Prostate cancer is the second most common cancer (after skin) among men in the United States. The American Cancer Society estimates that one in six will be diagnosed with prostate cancer in his lifetime, which amounts to approximately 240,890 new cases every year. Fortunately, the disease is very treatable if found early: It has a nearly 100% five-year survival rate in the first two stages. Currently, some 2 million U.S. men in the country themselves as prostate cancer survivors — including more than a few household names like Robert De Niro, Arnold Palmer, Former Secretary of State Colin Powell, Sir Roger Moore, Charlton Heston, Dennis Hopper, former NY Mayor Rudy Giuliani, Former South African President Nelson Mandela, the Godfather of Soul James Brown.
What is PSA?
Prostate-specific antigen (PSA) is a protein produced by both cancerous (malignant) and noncancerous (benign) prostate tissue. PSA helps liquefy the semen. A small amount of PSA normally enters the bloodstream. Prostate cancer cells usually make more PSA than do benign cells, causing PSA levels in your blood to rise. But PSA levels can also be elevated in men with enlarged or inflamed prostate glands. Therefore, determining what a high PSA score means can be complicated.
Besides the PSA number itself, your doctor will consider a number of other factors to evaluate your PSA scores:
• Your age
• The size of your prostate gland
• How quickly your PSA levels are changing
• Whether you’re taking medications that affect PSA measurements, such as finasteride (Propecia, Proscar), dutasteride (Avodart) and even some herbal supplements
Cancer screening tests — including the prostate-specific antigen (PSA) test to look for signs of prostate cancer — can be a good idea. Prostate cancer screening can help identify cancer early on, when treatment is most effective. And a normal PSA test, combined with a digital rectal exam, can help reassure you that it’s unlikely you have prostate cancer. But getting a PSA test for prostate cancer may not be necessary for some men, especially men 75 and older.
Professional organizations vary in their recommendations about who should — and who shouldn’t — get a PSA screening test. While some have definitive guidelines, others leave the decision up to men and their doctors. Organizations that do recommend PSA screening generally encourage the test in men between the ages of 40 and 75, and in men with an increased risk of prostate cancer.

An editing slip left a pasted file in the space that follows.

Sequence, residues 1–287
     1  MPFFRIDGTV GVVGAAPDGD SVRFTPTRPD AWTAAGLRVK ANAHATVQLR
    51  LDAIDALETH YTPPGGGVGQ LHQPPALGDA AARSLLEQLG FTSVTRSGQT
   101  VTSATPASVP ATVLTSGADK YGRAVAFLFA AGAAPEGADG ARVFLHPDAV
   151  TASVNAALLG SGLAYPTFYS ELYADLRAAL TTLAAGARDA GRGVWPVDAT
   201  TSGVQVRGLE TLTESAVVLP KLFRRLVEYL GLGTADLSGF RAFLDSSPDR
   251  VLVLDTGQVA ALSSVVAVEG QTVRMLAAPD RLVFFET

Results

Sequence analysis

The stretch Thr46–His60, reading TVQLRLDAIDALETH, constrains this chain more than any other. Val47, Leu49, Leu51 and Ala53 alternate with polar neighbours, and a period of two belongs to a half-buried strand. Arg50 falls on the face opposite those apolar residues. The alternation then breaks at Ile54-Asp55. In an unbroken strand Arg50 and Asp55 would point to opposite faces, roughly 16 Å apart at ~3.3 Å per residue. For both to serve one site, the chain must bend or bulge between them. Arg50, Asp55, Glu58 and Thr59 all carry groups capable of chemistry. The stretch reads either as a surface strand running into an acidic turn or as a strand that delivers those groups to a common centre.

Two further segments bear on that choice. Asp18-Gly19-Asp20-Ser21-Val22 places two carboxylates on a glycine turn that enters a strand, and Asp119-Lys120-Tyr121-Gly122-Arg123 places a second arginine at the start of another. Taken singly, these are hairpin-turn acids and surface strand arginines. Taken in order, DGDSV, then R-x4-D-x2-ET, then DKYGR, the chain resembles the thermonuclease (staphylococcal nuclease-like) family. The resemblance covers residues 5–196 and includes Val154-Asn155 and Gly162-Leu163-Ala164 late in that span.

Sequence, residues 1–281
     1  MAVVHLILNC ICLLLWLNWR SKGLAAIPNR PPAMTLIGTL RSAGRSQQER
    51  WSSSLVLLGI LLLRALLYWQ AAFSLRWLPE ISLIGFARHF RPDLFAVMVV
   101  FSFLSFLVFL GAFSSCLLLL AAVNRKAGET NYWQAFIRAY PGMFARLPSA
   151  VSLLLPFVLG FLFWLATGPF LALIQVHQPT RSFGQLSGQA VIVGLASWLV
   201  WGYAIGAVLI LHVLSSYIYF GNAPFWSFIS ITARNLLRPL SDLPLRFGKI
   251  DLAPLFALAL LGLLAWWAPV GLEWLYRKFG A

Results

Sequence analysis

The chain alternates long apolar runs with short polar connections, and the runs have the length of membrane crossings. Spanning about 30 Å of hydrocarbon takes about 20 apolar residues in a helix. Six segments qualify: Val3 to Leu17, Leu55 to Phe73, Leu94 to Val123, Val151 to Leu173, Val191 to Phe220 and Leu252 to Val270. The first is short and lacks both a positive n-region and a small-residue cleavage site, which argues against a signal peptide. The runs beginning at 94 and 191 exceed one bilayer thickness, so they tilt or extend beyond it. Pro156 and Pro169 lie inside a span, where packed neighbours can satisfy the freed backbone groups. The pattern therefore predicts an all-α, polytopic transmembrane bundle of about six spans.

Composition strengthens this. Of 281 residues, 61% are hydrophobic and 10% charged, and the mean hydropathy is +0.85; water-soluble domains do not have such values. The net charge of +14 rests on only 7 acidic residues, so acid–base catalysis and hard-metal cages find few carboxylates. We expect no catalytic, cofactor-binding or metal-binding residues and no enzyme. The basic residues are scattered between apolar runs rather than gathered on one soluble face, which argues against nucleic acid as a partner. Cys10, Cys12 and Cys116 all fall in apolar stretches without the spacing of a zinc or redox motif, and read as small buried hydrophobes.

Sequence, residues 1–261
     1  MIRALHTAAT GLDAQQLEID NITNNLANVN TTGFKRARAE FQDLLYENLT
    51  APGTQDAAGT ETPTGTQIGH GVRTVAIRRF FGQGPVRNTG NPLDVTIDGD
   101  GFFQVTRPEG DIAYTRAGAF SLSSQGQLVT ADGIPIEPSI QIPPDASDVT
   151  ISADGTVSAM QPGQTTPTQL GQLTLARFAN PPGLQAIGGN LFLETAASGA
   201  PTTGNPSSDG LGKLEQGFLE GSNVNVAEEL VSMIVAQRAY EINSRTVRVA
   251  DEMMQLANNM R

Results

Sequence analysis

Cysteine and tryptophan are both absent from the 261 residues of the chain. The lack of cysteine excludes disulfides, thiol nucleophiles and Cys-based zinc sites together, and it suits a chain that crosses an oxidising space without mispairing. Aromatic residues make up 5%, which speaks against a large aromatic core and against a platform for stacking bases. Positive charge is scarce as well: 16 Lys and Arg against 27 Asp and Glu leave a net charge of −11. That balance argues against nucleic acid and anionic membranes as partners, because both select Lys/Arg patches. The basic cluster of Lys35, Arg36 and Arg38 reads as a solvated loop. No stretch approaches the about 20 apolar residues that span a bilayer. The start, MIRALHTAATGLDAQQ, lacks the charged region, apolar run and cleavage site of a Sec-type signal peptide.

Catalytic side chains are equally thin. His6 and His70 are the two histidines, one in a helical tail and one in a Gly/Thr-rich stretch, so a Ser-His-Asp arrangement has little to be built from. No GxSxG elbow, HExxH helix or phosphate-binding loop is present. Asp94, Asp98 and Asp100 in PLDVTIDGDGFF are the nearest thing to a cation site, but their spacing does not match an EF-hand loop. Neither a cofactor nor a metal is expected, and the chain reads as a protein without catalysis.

Ultimately, whether you have a PSA test is something you should decide after discussing it with your doctor, considering your risk factors and weighing your personal preferences.
Maxim Men’s Clinic 7100 West Camino Real, Suite 121
Boca Raton, FL 33433
At Maximum’s Men’s Clinic we specialize in all things relating to men’s health. Dr Herbert Fishman, medical director at Maxim Men’s Clinic has 30 years experience in family practice specializing in Men’s Health and Sports Medicine. For your free consultation contact our team at 561-459-3000.
Here’s more information to help you prepare for a conversation with your doctor about PSA testing.
Simple test, not-so-simple decision
There are a number of pros and cons to the PSA test.
Pros of PSA screening
PSA screening may help you detect prostate cancer early.
Cancer is easier to treat and is more likely to be cured if it’s diagnosed in the early stages of the disease.
PSA testing can be done with a simple, widely available blood test.
For some men, knowing is better than not knowing. Having the test can provide you with a certain amount of reassurance — either that you probably don’t have prostate cancer or that you do have it and can now have it treated.
The number of deaths from prostate cancer has gone down since PSA testing became available.
Cons of PSA screening
Some prostate cancers are slow growing and never spread beyond the prostate gland.
Not all prostate cancers need treatment. Treatment for prostate cancer may have risks and side effects, including urinary incontinence, erectile dysfunction or bowel dysfunction.
PSA tests aren’t foolproof. It’s possible for your PSA levels to be
elevated when cancer isn’t present, and to not be elevated when cancer is present.
A diagnosis of prostate cancer can provoke anxiety and confusion. Concern that the cancer may not be life-threatening can make decision making complicated.
It’s not yet clear whether the decrease in deaths from prostate cancer is due to early detection and treatment based on PSA testing or due to other factors.
The American Cancer Society recommends that men make an informed decision with their doctor about whether to be tested for prostate cancer. Research has not yet proven that the potential benefits of testing outweigh the harms of testing and treatment. The American Cancer Society believes that men should not be tested without learning about what we know and don’t know about the risks and possible benefits of testing and treatment.
Starting at age 50, men should talk to a doctor about the pros and cons of testing so they can decide if testing is the right choice for them. If they are African American or have a father or brother who had prostate cancer before age 65, men should have this talk with a doctor starting at age 45. If men decide to be tested, they should have the PSA blood test with or without a rectal exam. How often they are tested will depend on their PSA level.
If you or someone you love has questions about PSA Screenings, contact Maxim Men’s Clinic for a consultation with Dr. Fishman at 561-459-3000.